Messier Objects in Leo

Leo contains five Messier objects. All five are galaxies that lie in the region between the constellation’s brightest stars, Regulus and Denebola. They are:

  • Messier 65
  • Messier 66
  • Messier 95
  • Messier 96
  • Messier 105

Messier objects in Leo, image: Wikisky

Four of these objects – M65, M66, M95, and M96 – are spiral galaxies, while M105 is an elliptical galaxy. The five galaxies are divided between two groups: the Leo Triplet (the M66 Group) and the Leo I Group (the M96 Group). The two groups may be parts of a larger galaxy group. It has also been suggested that the M66 Group is part of the larger M96 Group.

As the name suggests, the Leo Triplet is a small group consisting of three interacting galaxies: Messier 65, Messier 66 and NGC 3628. The galaxies appear in the same field of view. With apparent magnitudes of 10.25, 8.9, and 10.2, they can be seen in small telescopes, but only appear as patches of light. The galaxies’ spiral arms are visible in 10-inch and larger telescopes.

The Leo Triplet and the Leo I Group, image: Wikisky

Messier 65 and Messier 66 are intermediate spirals with apparent sizes of 8.709 by 2.454 arcminutes and 9.1 by 4.2 arcminutes. NGC 3628, also known as Sarah’s Galaxy or the Hamburger Galaxy, is the longest of the three, appearing edge-on, with an apparent size of 15 by 3.6 arcminutes. It is classified as an unbarred spiral galaxy, but it has been suggested that it may be a barred spiral with the bar appearing end-on. Messier 65 and NGC 3628 lie approximately 35 million light years away, while Messier 66 is a little closer to us, at 31 million light years.

Leo Triplet, image: Wikimedia Commons/Marekmazuch (CC BY-SA 4.0)

The Leo Triplet is easy to find because it lies at the intersection of the imaginary lines connecting Denebola and Regulus and Chertan (Theta Leonis) and Iota Leonis. Theta and Iota Leonis have apparent magnitudes of 3.324 and 4.00, which makes them visible to the naked eye, but challenging to see from light-polluted areas.

The Leo I Group contains Messier 95, Messier 96, Messier 105 and at least five other members, including NGC 3377, NGC 3384, and NGC 3489. The group lies at a distance of about 37 million light years. It can be found about a third of the way from Regulus to Denebola.

The M96 Group, image: Wikisky

Messier 95 is a barred spiral galaxy with an apparent magnitude of 11.4 and an apparent size of 3.1 by 2.9 arcminutes. It lies 32.6 million light years away.

Messier 95, image: Adam Block/Mount Lemmon SkyCenter/University of Arizona (CC BY-SA 4.0)

Messier 96 appears brighter and larger, with an apparent magnitude of 10.1 and an apparent size of 7.6 by 5.2 arcminutes. It is also closer to us than M95, at a distance of 31 million light years. It is classified as an intermediate spiral galaxy.

This NASA/ESA Hubble Space Telescope image shows Messier 96, a spiral galaxy just over 35 million light-years away in the constellation of Leo (The Lion). It is of about the same mass and size as the Milky Way. It was first discovered by astronomer Pierre Méchain in 1781, and added to Charles Messier’s famous catalogue of astronomical objects just four days later. The galaxy resembles a giant maelstrom of glowing gas, rippled with dark dust that swirls inwards towards the nucleus. Messier 96 is a very asymmetric galaxy; its dust and gas are unevenly spread throughout its weak spiral arms, and its core is not exactly at the galactic center. Its arms are also asymmetrical, thought to have been influenced by the gravitational pull of other galaxies within the same group as Messier 96. This group, named the M96 Group, also includes the bright galaxies Messier 105 and Messier 95, as well as a number of smaller and fainter galaxies. It is the nearest group containing both bright spirals and a bright elliptical galaxy (Messier 105). Image credit: ESA/Hubble & NASA and the LEGUS Team, Acknowledgement: R. Gendler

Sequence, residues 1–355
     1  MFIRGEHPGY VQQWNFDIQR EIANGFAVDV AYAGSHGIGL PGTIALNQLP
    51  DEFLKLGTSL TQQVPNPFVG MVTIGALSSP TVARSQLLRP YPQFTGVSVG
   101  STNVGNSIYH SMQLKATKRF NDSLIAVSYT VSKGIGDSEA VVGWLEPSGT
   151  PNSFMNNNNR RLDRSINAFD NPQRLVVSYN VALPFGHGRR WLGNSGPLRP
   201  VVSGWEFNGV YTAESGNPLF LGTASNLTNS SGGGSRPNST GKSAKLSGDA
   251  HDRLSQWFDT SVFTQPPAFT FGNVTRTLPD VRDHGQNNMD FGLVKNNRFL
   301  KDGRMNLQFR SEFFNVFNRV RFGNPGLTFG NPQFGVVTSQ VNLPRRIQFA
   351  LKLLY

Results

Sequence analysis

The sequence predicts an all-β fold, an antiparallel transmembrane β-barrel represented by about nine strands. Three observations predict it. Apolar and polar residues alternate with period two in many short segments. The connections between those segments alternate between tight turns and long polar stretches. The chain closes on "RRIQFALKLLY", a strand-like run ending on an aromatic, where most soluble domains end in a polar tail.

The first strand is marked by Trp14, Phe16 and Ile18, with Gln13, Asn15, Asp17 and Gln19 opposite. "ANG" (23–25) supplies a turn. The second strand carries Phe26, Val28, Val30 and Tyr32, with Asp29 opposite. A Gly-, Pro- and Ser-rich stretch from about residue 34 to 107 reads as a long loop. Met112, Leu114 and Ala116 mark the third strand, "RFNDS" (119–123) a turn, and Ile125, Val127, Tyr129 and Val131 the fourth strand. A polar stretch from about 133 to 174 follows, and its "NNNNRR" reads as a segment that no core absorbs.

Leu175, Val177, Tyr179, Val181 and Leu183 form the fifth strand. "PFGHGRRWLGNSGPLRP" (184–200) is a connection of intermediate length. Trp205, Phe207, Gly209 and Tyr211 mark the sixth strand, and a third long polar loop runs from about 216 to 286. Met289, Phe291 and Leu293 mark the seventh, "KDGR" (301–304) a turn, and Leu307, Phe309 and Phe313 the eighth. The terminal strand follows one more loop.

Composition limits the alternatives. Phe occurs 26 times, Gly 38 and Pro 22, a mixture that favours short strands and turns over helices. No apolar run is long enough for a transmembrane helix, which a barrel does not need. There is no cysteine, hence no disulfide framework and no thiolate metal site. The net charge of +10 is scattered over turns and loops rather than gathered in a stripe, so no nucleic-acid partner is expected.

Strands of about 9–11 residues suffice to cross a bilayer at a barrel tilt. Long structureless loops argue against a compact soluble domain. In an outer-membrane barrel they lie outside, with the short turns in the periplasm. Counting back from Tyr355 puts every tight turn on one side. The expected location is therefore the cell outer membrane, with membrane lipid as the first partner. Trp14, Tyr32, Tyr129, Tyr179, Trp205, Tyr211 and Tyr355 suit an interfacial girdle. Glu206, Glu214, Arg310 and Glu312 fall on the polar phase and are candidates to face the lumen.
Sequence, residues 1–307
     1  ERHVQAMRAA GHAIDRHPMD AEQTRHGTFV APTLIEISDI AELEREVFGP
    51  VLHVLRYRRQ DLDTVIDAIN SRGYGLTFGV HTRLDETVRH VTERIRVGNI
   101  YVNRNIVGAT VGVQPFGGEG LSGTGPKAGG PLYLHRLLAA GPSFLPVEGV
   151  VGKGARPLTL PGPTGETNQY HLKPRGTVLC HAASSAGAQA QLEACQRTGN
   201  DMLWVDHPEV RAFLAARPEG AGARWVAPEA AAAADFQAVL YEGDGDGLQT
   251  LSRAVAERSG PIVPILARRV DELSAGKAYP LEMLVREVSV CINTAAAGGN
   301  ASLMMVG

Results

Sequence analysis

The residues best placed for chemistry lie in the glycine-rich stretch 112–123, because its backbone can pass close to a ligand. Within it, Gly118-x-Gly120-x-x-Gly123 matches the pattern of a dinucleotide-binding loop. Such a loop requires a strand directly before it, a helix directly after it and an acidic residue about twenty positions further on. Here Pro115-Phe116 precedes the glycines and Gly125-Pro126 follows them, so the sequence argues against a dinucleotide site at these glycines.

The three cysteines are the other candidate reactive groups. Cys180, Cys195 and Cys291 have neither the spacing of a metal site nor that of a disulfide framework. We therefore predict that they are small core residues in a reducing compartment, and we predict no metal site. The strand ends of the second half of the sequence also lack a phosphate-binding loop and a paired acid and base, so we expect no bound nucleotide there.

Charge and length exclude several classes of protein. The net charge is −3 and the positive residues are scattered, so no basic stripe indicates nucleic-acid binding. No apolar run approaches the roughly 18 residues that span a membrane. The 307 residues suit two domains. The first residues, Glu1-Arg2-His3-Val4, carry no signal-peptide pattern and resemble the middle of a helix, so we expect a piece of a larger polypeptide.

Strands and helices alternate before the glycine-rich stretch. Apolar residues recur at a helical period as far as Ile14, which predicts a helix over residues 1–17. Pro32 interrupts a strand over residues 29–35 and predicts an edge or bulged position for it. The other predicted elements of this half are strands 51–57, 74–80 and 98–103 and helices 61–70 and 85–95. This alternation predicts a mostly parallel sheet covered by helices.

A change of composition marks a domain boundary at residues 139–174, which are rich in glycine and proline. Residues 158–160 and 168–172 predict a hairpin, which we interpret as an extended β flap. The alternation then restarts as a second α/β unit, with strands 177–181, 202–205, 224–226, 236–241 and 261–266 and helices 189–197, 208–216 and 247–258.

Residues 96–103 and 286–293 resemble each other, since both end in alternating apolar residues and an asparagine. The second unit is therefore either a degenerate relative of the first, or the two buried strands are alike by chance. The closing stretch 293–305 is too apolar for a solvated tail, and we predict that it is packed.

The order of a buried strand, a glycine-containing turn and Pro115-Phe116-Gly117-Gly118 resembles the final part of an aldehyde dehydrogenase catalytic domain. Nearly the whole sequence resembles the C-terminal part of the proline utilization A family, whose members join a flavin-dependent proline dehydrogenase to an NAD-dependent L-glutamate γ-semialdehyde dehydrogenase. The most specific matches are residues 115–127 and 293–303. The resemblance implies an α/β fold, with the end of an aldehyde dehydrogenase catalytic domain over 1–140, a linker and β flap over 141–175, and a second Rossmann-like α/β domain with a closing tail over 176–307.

Messier 105 is an elliptical galaxy with an apparent magnitude of 10.2 and an apparent size of 5.4 by 4.8 arcminutes. It lies 36.6 million light years away. Like all elliptical galaxies, M105 appears as a featureless ball of light, even in the largest of telescopes. It is interacting with its elliptical neighbour NGC 3384 and the spiral galaxy NGC 3389. NGC 3384 has an apparent magnitude of 10.9 and NGC 3389 is fainter at magnitude 11.80. The three galaxies can be seen in the same field of view of a 10-inch telescope.

It might appear featureless and unexciting at first glance, but NASA/ESA Hubble Space Telescope observations of this elliptical galaxy — known as Messier 105 — show that the stars near the galaxy’s centre are moving very rapidly. Astronomers have concluded that these stars are zooming around a supermassive black hole with an estimated mass of 200 million Suns! This black hole releases huge amounts of energy as it consumes matter falling into it and causing the centre to shine far brighter than its surroundings. This system is known as an active galactic nucleus. Hubble also surprised astronomers by revealing a few young stars and clusters in Messer 105, which was thought to be a “dead” galaxy incapable of star formation. Messier 105 is now thought to form roughly one Sun-like star every 10 000 years. Star-forming activity has also been spotted in a vast ring of hydrogen gas encircling both Messier 105 and its closest neighbour, the lenticular galaxy NGC 3384. Image: ESA/Hubble & NASA, C. Sarazin et al.

The best time of year to observe the deep sky objects in Leo is during the month of April, when the constellation rises high in the evening sky.